The incredible life story of Nigeria's Emmanuel Emenike
Presenting the amazing story of a boy who left home to pursue his football dream.
Have you ever had that horrible dream where you see yourself being chased by your worst enemies in a long and dark tunnel with no sign of it ever ending? After running for what seems an age, you finally see a light at the end of the tunnel and reach it. You wake up all cold and sweaty. You are relieved, yet terrified, that the journey through hell is over, only to realise that you’re lying in a Turkish jail cell and your worst nightmare has just begun.
Emmanuel Emenike’s life has been far from a bed of roses. He has had to endure terrible hardships and see horrific incidents ever since he left his home in Nigeria as a teenager to pursue his football dream.
From spending nights on restaurant floors to playing in Europe
Defying his father’s wish for him to become a businessman, he went ahead with his passion for football, leaving home for South Africa. Homeless, and without money, his fairytale wouldn’t come true just yet. He had to spend nights hungry, eat leftovers and sleep on the floor of the Pure Grace restaurant in Johannesburg.
By 2007, a 20-year-old Emenike had managed to save enough money to pay for a video showcasing his football talent on the basis of which South African club Mpumalanga Black Aces. After one year there, he moved to play for Cape Town FC where he became the top scorer in the second division.
These were happy times for the young player, who had spent days in hunger before. Better news was waiting for the Nigerian when he went to Europe to trial for Turkish club Karabukspor who signed him eventually in 2009.
Emenike scored 30 goals for Karabukspor in his two years at the club. Little did he know that the summer of 2011 would be the most frightening in his life. The Nigerian was arrested in July 2011 after having signed for Fenerbahce –a move which was full of controversy.
While still playing for Karabukspor, Emenike was accused of intentionally missing a match against Fenerbahce which they eventually lost 1-0, handing the title to the Turkish giants. Two weeks later, Fenerbahce signed him for a reported €9 million, which was believed to be a gift for him. In spite of showing a doctor’s certificate, Emenike was still thrown in jail where he had the most terrible experience in his life.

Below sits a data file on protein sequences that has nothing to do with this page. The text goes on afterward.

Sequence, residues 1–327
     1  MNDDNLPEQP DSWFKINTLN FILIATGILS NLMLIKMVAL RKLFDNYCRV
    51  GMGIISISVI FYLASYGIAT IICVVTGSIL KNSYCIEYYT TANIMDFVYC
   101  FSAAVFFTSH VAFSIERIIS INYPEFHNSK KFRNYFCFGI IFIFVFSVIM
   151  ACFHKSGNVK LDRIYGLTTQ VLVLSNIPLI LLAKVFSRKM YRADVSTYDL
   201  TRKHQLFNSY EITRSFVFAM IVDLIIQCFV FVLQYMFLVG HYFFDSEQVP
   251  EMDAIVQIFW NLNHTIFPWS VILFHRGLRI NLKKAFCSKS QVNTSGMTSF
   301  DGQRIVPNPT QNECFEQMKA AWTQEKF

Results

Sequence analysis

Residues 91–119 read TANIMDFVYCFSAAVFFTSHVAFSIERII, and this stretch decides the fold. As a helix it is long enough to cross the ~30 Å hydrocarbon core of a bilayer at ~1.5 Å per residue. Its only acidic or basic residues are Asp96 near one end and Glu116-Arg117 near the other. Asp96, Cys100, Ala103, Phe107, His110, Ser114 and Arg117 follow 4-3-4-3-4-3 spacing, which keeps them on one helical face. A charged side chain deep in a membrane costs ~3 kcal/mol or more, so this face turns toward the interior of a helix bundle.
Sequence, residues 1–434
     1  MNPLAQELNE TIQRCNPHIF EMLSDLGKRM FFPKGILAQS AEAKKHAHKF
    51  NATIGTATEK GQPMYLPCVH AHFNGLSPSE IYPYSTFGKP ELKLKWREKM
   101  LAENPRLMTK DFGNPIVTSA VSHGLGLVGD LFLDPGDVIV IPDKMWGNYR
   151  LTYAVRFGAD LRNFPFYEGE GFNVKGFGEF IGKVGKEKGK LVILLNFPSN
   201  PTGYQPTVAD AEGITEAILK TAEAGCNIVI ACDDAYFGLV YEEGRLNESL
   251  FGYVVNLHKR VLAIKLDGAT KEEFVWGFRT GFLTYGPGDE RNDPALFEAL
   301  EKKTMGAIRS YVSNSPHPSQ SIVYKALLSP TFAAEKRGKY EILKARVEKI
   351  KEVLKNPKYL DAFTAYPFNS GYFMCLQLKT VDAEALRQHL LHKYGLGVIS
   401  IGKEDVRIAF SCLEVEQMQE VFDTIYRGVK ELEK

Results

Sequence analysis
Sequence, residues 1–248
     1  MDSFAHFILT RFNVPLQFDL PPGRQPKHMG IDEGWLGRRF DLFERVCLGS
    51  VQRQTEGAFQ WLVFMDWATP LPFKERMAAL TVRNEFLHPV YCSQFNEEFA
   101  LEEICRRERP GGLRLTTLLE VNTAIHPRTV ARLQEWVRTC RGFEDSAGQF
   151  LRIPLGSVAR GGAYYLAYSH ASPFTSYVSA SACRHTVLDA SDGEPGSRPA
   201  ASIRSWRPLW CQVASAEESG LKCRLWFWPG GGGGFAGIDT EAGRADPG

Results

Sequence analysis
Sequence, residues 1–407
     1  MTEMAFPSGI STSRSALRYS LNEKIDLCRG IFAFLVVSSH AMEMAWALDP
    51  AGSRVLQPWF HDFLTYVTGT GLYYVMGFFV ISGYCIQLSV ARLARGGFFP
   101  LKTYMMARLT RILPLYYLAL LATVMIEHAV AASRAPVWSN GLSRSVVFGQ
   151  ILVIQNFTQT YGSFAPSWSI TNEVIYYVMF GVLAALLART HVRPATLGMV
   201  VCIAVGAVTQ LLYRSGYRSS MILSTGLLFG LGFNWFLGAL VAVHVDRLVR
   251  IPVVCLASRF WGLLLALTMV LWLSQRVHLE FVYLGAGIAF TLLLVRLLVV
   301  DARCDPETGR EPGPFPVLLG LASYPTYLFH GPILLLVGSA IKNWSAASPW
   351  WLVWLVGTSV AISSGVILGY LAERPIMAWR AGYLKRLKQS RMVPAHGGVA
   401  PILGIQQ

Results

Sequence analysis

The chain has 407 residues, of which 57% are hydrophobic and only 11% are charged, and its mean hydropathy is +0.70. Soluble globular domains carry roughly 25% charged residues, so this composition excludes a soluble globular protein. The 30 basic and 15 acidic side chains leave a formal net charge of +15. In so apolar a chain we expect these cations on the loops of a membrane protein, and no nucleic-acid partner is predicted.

Emenike reiterated in an interview with The Sun: “My time in prison was a crazy nightmare that I couldn’t wake up from.
“I’ve never committed a crime in my life, but I was treated like a criminal, living on bread and water.
“It was not a good experience! It gave me a different perspective on life.”
Emenike was released after four days. However, the investigation continued and he was not acquitted until April 2013. God was his support through the horrific time in jail where he was coerced into revealing details of the alleged match-fixing crime he hadn’t committed. He said: “When I was finally cleared I thanked God for letting justice prevail.”
A false ray of hope
A sign of relief came to the on-loan West Ham striker as he was sold to Spartak Moscow in the same summer of 2011 without playing a single game for Fenerbahce.
But life can be cruel sometimes. Just when he thought he had recovered from the trauma of staying in a jail cell, he was subject to racial abuse in Russia. He became a target of crude monkey chants from Dynamo Moscow fans in a match in 2012. Emenike’s experience in Russia was not one to remember either in spite of performing well for Spartak Moscow, where he scored 21 goals in his stay.
The young kid who had left his home in Nigeria to play football in Europe had his sight set on a move to England. However, when nothing came calling, he moved back to the club where he had faced his worst nightmare- Fenerbahce but he scored 12 goals in the first season with his new club, helping them to lift the trophy.
Victim of a terrorist attack
But there are no happy endings in life, just happy memories. Two years later he faced the barrel of the gun, literally, when the bus he was travelling in was attacked by a gunman on their way to Trabzon airport in Turkey.
Emenike recalled: “I was on the phone to my brother when I heard a loud bang. The bus suddenly swerved and there was panic.
“I instinctively took cover and our security officer told us the driver had been shot. Seeing him covered in blood was scary.
“We were lucky but it brought back bad memories. I had been involved in a terrible car accident in Nigeria where my mother and I both lucky to be alive.”
In 2016, the Nigeran finally fulfilled his dream to play in the Premier League when West Ham signed him on loan with an option to make it permanent. It was a new beginning for Emenike who scored two goals for the Hammers last season.
There was, indeed, light at the end of the tunnel. Dark days in restaurants and jail cells gave rise to a new morning, where nightmares didn’t exist, only dreams.